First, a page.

Analysis and Commentary

How Australia rates a zero on electric vehicle adoption

Analysis and Commentary

Australia’s antagonistic policies towards electric vehicles has left us in the dust as the rest of the world transitions to less polluting vehicles, according to figures compiled for Visual Capitalist,

Global sales of electric vehicles (EVs) and plug-in hybrids (PHEV) surpassed three million for the first time in 2020, despite the economic headwinds imposed by Covid-19.

This visualization presents a geographical breakdown of these sales, revealing that over 80 per centwere made in either Europe or China.

Australia simply does not rate globally as a market for EVs despite it having the 13tt largest economy in the world.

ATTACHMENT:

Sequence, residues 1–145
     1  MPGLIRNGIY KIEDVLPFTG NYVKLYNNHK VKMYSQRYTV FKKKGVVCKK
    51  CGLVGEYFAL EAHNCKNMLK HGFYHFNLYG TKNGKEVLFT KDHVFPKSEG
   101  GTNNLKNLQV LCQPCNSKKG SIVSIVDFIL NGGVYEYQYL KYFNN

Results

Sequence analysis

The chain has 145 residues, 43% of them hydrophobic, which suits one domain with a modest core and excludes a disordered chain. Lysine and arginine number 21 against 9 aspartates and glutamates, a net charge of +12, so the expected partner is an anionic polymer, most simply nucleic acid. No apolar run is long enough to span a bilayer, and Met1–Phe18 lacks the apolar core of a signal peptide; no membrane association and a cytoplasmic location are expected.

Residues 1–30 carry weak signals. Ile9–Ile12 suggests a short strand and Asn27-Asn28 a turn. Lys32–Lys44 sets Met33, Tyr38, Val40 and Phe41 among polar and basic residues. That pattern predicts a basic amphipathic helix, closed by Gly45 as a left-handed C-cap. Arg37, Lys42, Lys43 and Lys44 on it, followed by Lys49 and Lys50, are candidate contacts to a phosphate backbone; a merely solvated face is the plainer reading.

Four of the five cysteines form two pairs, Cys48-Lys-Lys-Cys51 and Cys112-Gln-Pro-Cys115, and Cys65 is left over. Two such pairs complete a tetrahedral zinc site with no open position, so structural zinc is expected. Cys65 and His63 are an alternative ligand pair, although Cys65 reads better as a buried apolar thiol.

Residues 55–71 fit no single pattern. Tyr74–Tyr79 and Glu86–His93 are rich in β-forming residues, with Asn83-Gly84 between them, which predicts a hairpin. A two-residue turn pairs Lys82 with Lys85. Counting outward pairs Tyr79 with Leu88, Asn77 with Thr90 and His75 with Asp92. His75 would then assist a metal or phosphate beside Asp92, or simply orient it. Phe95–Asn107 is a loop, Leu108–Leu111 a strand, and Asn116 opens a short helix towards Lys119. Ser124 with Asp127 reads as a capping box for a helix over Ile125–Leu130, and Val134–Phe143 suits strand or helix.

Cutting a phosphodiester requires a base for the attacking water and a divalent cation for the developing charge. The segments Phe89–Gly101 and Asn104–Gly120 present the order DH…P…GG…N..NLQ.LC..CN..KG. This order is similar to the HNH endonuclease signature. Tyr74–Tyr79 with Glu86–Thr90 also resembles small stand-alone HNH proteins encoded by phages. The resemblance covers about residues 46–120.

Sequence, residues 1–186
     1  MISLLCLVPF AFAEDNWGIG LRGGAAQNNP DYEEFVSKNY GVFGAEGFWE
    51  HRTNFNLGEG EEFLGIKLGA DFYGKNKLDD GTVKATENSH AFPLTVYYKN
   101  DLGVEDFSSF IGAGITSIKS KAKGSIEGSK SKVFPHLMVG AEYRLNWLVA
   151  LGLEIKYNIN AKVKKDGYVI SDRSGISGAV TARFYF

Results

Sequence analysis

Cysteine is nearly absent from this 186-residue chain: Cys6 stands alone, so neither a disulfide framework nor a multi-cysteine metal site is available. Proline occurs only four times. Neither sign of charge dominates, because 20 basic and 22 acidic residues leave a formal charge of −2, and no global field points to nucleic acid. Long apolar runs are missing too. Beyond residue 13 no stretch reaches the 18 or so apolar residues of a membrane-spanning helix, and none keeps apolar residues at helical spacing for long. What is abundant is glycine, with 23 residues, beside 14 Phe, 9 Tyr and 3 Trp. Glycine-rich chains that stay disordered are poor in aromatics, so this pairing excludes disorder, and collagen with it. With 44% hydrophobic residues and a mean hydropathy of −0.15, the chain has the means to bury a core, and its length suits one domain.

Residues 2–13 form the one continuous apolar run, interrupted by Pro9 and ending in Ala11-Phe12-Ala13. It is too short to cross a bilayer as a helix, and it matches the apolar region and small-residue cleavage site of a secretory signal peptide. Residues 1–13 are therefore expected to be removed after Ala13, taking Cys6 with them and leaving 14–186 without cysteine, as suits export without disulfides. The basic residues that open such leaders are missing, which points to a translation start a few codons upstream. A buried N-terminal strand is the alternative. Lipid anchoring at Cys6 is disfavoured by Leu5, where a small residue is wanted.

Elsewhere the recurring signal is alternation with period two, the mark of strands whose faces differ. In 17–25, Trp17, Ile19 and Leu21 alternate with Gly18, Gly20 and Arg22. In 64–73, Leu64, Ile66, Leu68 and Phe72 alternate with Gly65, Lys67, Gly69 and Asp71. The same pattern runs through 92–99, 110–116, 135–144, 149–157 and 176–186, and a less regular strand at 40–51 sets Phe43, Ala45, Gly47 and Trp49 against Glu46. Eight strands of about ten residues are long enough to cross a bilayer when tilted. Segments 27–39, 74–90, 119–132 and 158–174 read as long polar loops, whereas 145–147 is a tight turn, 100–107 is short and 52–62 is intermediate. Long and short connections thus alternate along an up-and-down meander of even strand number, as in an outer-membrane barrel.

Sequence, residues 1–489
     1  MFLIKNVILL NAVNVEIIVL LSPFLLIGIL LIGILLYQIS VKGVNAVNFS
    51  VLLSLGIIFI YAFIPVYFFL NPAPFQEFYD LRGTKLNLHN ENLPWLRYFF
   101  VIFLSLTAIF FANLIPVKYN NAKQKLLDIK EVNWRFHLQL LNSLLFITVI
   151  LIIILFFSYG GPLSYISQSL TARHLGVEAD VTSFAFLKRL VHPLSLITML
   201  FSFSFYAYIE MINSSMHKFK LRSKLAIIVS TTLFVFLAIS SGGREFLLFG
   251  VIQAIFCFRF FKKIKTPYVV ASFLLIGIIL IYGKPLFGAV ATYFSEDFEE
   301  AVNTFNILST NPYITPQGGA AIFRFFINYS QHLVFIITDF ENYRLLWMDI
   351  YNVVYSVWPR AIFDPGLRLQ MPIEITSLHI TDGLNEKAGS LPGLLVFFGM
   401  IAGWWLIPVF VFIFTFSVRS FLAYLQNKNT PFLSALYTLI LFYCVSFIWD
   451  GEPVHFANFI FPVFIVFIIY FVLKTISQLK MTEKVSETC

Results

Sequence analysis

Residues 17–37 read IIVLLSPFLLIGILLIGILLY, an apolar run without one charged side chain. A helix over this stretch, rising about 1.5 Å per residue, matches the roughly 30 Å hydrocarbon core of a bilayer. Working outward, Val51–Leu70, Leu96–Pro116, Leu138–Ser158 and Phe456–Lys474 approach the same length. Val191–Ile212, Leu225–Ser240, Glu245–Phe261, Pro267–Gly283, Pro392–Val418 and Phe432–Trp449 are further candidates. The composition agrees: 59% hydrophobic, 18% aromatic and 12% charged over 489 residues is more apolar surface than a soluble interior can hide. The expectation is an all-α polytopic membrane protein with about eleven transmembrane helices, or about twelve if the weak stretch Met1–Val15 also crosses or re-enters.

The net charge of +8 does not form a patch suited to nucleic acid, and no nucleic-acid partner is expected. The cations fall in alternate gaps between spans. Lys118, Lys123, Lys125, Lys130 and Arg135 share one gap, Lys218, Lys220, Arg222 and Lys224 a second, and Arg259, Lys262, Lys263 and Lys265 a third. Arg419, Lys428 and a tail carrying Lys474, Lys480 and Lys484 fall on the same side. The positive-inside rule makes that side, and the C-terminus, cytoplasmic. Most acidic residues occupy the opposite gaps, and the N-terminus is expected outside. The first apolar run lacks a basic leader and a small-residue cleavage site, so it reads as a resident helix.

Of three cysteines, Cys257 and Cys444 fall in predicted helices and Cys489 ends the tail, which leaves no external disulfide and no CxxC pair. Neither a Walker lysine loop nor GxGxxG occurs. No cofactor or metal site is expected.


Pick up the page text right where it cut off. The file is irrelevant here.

In fact we rate so little that of three million sales globally Australia is lumped in the category ‘rest of the world’.

The EU was the largest market by a margin of 60,000 cars, but given China’s larger population, it’s likely the two will switch places in the near future.

Government incentives have boosted the transition to battery power in recent years.

In Germany, buyers can receive a subsidy of US$10,800 when purchasing an EV with a list price of less than US$48,000. China also offers a rebate program, where buyers of an EV with a travel range of at least 186 miles can receive a subsidy of US$2,500.

Consumers should be aware that these incentives are likely to diminish over time, especially as EVs become more mainstream. In January 2021, the Chinese government announced it would reduce its existing subsidies by 20 per cent.

Meanwhile Australia leads the world in imposing taxes on EVs, with several states imposing various forms of taxation.

Source: Visual Capitalist

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